All of these dimensions of the issue go unseen as long as Democrats continue to run from their own beliefs and seek rhetorical cover in tepid formulas like "legal but rare." If they are to win this presidential contest, they must give full-throated voice to the reasons why a ban on abortion would be a civil rights disaster. At the very least, they should scrutinize their opponents' position and their understanding of its human implications. Does Senator McCain see no connection between reproductive rights and the widespread abuse of women? Does Governor Palin favor a ban on contraception to supplement that on abortion? Some of her more extreme social conservative supporters might be particularly interested in her answer to such a question, especially if it is negative. If Democrats do not proactively engage this debate, John McCain and Sarah Palin will derive substantial political capital from their "pro-life" stance without suffering any of the political liabilities of their assault upon reproductive freedom and Americans' (particularly American women's) civil rights.

Friday, August 08, 2008

Reclaiming the Dark Night

Alert: Spoilers below. Read on at your own peril.

I have recently taken a break from blogging to pursue scholarship, and in turn took a break from scholarship to go see The Dark Night in our local multiplex. Nothing boosts one's credibility like a declaration against interests, so as a college professor it should earn me some trust to declare that this was one of many superhero movies I have viewed and enjoyed, and by far my favorite to date. Since seeing it, though, I have been distressed to hear commentators and pundits broadcasting the idea that this was somehow a "pro-George W. Bush" movie; that its latent message is to vindicate and defend our president from the short-sighted criticism of "the left." It has occurred to me that this movie will reach vastly more Americans and have far greater impact than any of the ancient Chinese texts I have been writing about all summer. Moreover, as someone who believes that the presidency of George W. Bush has been a disaster, I am loathe to yield The Dark Knight to his apologists. I thus hereby leap into the fray over how this text should be interpreted.

Part of what makes The Dark Knight so enjoyable is that it is undeniably very topical. The late Heath Ledger's "Joker" is an apt analogue of the terrorists who so dominate headlines today. I would thus follow the "pro-Bush" pundits as far as admitting that the film does encode some commentary on current events. In the film we see Batman and his fellow spirit Harvey Dent take a principled stand against terrorism that is publicly unpopular. Both men stand up for the idea that rules sometimes have to be bent in order to fight the forces that threaten the very social fabric itself, and both men suffer public scorn on that account. This is where "pro-Bush" readers draw a similarity between Batman and Bush, but this is where the similarity ends.

The metaphorical heart of the movie is a story that Alfred, the butler (played, in a brilliant piece of casting, by Michael Caine), tells Bruce Wayne about his days as a colonial official in Burma. There he encountered a bandit who committed murder and mayhem to very little purpose. Jewels the bandit had stolen were found in the possession of small children. "Some men," explains Alfred, "just want to watch the world burn." This principle, Alfred explains, is in operation in the attacks by the Joker upon Gotham City. In enlisting the Joker's aid Gotham's criminal underground has unleashed a force that they don't understand and can not control, and everyone is in peril as a consequence.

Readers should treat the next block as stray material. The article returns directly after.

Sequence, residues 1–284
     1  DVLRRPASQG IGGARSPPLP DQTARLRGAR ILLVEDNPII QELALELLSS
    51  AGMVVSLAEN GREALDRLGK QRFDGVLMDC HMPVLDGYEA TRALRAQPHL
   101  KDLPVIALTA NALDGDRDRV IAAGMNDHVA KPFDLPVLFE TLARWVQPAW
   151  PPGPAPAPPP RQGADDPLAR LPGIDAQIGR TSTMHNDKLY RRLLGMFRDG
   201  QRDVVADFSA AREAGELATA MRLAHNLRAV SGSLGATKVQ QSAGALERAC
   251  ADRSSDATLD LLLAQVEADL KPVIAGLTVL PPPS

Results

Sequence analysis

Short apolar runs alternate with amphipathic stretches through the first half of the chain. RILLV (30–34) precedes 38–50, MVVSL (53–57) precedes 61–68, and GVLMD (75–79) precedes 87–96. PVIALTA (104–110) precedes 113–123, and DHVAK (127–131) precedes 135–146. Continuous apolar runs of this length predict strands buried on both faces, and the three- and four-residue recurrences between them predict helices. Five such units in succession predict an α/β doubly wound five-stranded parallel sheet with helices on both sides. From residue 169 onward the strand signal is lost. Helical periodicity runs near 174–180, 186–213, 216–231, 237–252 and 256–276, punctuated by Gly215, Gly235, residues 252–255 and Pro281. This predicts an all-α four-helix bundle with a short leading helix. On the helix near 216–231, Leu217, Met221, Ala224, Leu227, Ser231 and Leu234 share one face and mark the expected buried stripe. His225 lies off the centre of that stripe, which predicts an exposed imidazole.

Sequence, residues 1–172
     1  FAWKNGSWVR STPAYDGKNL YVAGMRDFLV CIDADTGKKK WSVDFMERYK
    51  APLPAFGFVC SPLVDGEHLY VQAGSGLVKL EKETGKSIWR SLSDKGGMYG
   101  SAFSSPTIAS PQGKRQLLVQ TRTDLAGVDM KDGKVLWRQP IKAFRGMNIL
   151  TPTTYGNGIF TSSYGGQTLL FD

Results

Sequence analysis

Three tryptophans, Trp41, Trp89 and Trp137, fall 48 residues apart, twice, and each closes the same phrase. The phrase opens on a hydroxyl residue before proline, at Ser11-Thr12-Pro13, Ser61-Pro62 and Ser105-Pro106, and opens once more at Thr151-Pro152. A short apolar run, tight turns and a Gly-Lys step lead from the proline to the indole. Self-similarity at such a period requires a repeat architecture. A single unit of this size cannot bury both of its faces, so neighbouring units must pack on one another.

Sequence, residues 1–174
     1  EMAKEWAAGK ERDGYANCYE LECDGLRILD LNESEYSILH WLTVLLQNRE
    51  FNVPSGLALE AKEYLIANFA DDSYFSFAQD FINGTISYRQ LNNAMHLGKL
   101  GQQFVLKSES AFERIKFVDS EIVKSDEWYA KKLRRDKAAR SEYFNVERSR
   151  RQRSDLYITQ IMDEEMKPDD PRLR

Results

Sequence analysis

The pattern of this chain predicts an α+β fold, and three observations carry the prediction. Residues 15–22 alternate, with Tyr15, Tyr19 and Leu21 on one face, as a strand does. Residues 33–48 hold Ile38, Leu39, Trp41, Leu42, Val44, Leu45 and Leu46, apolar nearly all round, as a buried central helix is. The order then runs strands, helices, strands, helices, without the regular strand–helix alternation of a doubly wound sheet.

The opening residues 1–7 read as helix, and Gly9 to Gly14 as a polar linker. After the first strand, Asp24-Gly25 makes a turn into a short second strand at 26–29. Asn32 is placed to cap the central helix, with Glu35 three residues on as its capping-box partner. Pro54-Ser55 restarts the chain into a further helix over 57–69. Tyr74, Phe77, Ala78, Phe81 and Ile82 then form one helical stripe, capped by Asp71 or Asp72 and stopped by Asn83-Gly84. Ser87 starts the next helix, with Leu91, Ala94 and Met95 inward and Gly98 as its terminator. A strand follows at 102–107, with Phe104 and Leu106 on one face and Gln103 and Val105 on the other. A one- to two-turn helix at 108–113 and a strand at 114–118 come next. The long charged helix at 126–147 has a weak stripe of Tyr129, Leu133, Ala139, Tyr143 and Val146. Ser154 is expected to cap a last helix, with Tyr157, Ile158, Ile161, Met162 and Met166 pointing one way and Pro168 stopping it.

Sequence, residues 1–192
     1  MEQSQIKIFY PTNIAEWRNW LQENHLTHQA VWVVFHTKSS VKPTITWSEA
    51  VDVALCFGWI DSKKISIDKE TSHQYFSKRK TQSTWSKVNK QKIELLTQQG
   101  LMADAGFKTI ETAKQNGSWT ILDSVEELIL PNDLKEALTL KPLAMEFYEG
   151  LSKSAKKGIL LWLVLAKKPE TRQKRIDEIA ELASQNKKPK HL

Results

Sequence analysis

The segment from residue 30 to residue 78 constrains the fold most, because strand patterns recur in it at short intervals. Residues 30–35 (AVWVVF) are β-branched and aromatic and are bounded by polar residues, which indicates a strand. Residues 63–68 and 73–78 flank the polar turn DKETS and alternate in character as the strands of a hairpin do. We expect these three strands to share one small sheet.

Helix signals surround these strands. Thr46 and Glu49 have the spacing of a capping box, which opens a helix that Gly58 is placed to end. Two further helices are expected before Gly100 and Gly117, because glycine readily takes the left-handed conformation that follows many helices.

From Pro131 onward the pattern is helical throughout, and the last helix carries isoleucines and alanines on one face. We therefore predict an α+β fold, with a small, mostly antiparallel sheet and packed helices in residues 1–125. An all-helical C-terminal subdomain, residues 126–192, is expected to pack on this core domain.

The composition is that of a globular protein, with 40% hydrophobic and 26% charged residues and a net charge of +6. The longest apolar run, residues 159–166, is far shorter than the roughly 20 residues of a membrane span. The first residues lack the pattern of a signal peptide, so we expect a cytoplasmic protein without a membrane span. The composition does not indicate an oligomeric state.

The moral of Alfred's story is delivered later in the movie, however, and is overlooked by anyone who seeks an enthusiastic endorsement of George W. Bush's presidency in this work of fiction. Bruce Wayne asks Alfred how the Burmese bandit was eventually caught, and Alfred replies, "We burned the forest down." Those who would read this as declaring that "sometimes harsh measures must be taken" are reading the text through a very phantasmal lens. Anyone who suggests that British colonial policy in Burma should be the role model for anything should read The River of Lost Footsteps by Thant Myint-U. One does not have to seek that far outside the text to contest such a distorted reading, however. One need only remember that Alfred had described the bandit as a man who wanted "too see the world burn." In the end, therefore, thanks to the tactics Alfred and his comrades employed, the bandit GOT EXACTLY WHAT HE WANTED.

In The Dark Knight we see that, in their understandable zeal to arrest the Joker's nihilistic assault on Gotham, Harvey Dent and Batman come very close to burning the forest down. Harvey Dent applies torture to a deranged criminal in search of information, a tactic even the steely-eyed Batman finds reprehensible (draw your own connections to current events). The Batman himself violates the privacy of every citizen of Gotham by building an illegal surveillance system (ditto).

Though this tactic does, indeed, discover the Joker, it does nothing to foil the criminal's plans, as it was always his intention to be caught eventually. The Joker is shooting for bigger game than sowing mere terror, he is attempting to undermine people's trust in and decency toward one another, thus working to unravel civil society itself. By violating the privacy of his fellow citizens, Batman plays directly into his hands. In the end (though a few well-placed punches from Batman help), the Joker's plan is not foiled by high-tech surveillance or illegal torture. Rather, the Joker is defeated by ordinary citizens' refusal to be baited into harming one-another and by the integrity of Lucius Fox (the scientist portrayed by Morgan Freeman) in destroying the surveillance machine built by Bruce Wayne.

I will not go as far as "pro-Bush" pundits in declaring that this is an anti-Bush text. Like most admirable works of art it is thought-provoking and complex; attempts to reduce its message into neat formulas do violence to the text (as ironic as that may be to say about a "text" riddled with so many loud explosions). In the final analysis, every audience member has the right to take away what message he or she most perceives in the movie. On that score, one of the most significant moments in the movie for me was the point at which the Joker begins to burn the enormous pile of cash belonging to his underworld "employers." When they ask, amazed, why he would do such a thing, he replies, "My work only requires gasoline and explosives, and those are cheap." Taking policy advice from a comic-book movie is no doubt a stretch, but this is the principle I would distill from that screen moment: when faced with an opponent whose material needs are as small as the Joker's, invading another country will not seriously deter him.